The Edmonton-Strathcona riding lies in the heart of the city and is well known for its urban pulse. From the bustling U of A campus to the historic Old Strathcona district and vibrant Whyte Avenue — it is home to many of Edmonton’s top destinations.

However, since COVID this pulse is waning and the area seems to be slipping into cardiac arrest. Constituents are facing rising living costs, including higher utility bills, general inflation of essential goods, and tuition increases for post-secondary students.

This story is part of an editorial partnership between the Calgary Journal and MacEwan University journalism.

“There’s a lot at play here,” says Jean Johnson, executive director of Edmonton’s French Quarter Business Association. “Whoever forms the next government will have to have a social conscience.”

Meet the candidates

NDP Leader Rachel Notley has held the riding since 2008 and is running again. This year, she is facing Green Party candidate Robert Gooding-Townsend, UCP candidate Emad El-Zein and Buffalo Party candidate Andrew Jacobson.

The Edmonton-Strathcona riding is often seen as a “given” for the NDP, who have maintained a stronghold since 1997. Notley was elected premier in 2015 and then lost the race for premier to Jason Kenney in 2019 — but still won her riding with over 70 per cent of the vote.

There is some overlap between the Green Party and NDP platforms, especially when it comes to improving public services such as healthcare and education. While it’s likely that Notley will win the seat again, the other parties can still play an important role.

This is Gooding-Townsend’s first time running in an election, and he explains that his values led him to the Green Party.

“We have to take the environment seriously, not as a sole issue, but as something fundamentally underlying all the other issues,” he says.

UCP candidate Emad El-Zein
NDP Leader Rachel Notley
Green Party candidate Robert Gooding-Townsend

The decades-long NDP stronghold in the area doesn’t seem to faze Gooding-Townsend. He explains that while “Notley has done so much and is a remarkable person… her attention is on playing the electoral game across the province.”

Notley was unavailable for an interview but said in a written statement that she plans to be present in her riding during the election.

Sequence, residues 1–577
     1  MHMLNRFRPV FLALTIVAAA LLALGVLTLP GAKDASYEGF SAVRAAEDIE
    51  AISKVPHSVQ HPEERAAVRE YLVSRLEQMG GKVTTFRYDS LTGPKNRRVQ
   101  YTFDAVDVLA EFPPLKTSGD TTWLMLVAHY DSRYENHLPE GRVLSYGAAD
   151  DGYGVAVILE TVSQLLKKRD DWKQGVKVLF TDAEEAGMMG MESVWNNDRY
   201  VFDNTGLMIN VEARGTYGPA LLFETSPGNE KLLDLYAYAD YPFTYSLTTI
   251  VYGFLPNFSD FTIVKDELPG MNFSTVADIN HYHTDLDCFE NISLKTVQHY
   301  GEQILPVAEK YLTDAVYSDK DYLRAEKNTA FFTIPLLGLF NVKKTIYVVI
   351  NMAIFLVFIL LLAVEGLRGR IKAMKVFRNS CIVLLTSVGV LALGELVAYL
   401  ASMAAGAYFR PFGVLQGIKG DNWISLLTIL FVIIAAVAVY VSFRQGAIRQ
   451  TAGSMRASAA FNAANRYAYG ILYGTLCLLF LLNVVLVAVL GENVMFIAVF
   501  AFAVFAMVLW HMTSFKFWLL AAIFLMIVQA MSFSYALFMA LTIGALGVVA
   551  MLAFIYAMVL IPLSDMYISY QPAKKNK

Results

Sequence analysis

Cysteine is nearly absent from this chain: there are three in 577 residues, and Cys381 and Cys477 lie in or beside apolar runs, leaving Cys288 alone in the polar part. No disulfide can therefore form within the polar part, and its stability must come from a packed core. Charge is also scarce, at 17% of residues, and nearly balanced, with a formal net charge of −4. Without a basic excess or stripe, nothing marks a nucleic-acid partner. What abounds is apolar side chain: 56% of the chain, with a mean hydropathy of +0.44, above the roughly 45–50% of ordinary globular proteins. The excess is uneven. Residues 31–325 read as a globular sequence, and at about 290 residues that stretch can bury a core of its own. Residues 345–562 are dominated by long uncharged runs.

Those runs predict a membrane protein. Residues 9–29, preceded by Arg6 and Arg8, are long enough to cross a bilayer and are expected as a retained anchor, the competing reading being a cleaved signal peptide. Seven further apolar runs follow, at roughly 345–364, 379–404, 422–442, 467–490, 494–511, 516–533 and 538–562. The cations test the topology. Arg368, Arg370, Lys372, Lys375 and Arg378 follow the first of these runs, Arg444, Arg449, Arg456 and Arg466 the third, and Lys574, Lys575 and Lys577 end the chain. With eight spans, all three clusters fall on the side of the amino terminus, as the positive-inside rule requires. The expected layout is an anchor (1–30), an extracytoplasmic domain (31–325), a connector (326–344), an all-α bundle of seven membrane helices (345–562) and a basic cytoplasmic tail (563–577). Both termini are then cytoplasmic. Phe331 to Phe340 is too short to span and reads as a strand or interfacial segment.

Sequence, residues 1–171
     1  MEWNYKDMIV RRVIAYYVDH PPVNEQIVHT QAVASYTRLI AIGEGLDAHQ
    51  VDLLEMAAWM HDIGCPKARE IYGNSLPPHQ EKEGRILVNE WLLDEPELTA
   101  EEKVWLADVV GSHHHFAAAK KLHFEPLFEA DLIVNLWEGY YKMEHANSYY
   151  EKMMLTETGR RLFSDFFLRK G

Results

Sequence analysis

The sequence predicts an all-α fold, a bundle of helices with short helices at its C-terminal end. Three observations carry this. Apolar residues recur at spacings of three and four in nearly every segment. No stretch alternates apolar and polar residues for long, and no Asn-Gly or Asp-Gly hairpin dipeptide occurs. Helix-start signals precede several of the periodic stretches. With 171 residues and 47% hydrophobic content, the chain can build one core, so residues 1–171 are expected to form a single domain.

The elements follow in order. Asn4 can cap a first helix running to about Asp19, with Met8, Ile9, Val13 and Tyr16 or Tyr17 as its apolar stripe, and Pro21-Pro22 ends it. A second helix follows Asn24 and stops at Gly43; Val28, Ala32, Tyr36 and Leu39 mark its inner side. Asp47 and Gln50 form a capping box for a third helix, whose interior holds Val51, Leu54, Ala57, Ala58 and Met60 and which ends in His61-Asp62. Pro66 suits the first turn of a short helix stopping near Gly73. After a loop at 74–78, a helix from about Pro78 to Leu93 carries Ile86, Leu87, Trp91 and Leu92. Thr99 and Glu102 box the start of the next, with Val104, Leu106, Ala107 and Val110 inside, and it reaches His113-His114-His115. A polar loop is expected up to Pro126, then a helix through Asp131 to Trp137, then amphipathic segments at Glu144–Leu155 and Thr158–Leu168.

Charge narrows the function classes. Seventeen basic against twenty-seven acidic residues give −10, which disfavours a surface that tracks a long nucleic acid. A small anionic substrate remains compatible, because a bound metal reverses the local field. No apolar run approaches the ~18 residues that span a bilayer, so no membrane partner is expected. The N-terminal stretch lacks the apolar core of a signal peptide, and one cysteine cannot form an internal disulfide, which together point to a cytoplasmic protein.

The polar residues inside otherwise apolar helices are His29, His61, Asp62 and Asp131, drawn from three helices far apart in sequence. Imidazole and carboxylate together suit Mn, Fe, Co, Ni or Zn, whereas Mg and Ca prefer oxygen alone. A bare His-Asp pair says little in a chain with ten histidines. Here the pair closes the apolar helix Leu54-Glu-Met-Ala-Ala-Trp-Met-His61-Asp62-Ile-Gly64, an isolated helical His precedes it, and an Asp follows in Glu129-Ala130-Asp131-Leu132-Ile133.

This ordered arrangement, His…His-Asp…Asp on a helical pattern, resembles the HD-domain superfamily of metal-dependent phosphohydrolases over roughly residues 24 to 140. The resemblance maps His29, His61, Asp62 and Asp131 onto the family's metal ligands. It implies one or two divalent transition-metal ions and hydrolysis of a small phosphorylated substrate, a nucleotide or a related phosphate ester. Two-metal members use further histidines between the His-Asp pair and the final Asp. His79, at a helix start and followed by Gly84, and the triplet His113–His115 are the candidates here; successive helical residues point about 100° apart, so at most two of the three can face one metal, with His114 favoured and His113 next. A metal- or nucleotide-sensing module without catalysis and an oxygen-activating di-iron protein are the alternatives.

“I’m very accessible to my constituents all year round, and they’ll see me during the 28-day campaign,” she said.

Cost of living a major concern

According to Abacus Data, affordability and the economy are two issues voters are most concerned about going into this election. In this riding, where there are many students, seniors, and young families — the blow of inflation hits especially hard.

Young families who purchased homes a few years ago and are now returning to the bank to renew their mortgages are facing major rate hikes, which amount to significantly higher monthly mortgage payments.

In terms of helping people combat the cost of living increases, Notley said in her statement that “an Alberta NDP government will be focused on the things that matter to you: helping your family manage the cost-of-living, and building a resilient Alberta economy with good-paying jobs and investment opportunities.”

Jordan Wilkie, leader of the Green Party, says the NDP’s plan doesn’t go far enough. His party favours a guaranteed income for all citizens.

“It’s a fundamental right for [people to have] housing or universal basic income.”

Post secondary education

While the UCP has pledged to cap post-secondary tuition growth at two per cent beginning in 2024-25, students are still facing tuition hikes this upcoming year.

The Edmonton-Strathcona riding encompasses the University of Alberta main campus and Campus Saint-Jean in the French Quarter, which means many students are eligible to vote in the riding. Both Wilkie and Notley agree that tuition rates — which have incrementally increased over the last four years — need to be addressed.

“We are for free tuition, and we want to see basic income for students and free mental healthcare for students,” says Wilkie. He explains that funding for basic income programs will come from raising royalty rates on oil and gas and raising taxes for large corporations to 12 per cent “in line with other provinces.”

If elected, Notley promises to “reinstate the tuition caps we had before and provide predictable and stable funding to post-secondary across the province.”

Notley says she will serve her term no matter the results

The election is likely to be a close race between Notley’s NDP and the United Conservative Party, led by current premier Danielle Smith.

Duane Bratt, a political science professor at Mount Royal University, believes this is a pivotal election for Notley.

“I think if she does not form a government, this is the end of the road for Rachel Notley,” he said. “Notley is more popular than Smith, but Notley was also more popular than Kenny and she lost to him.”

So then the question is will Notley commit to serving the full four-year term as MLA if the NDP does not form government?

An NDP spokesperson says she “will continue to serve as the MLA for Edmonton-Strathcona should she win her seat, despite the election results.”

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Eva Driessen is a student at MacEwan University in Edmonton.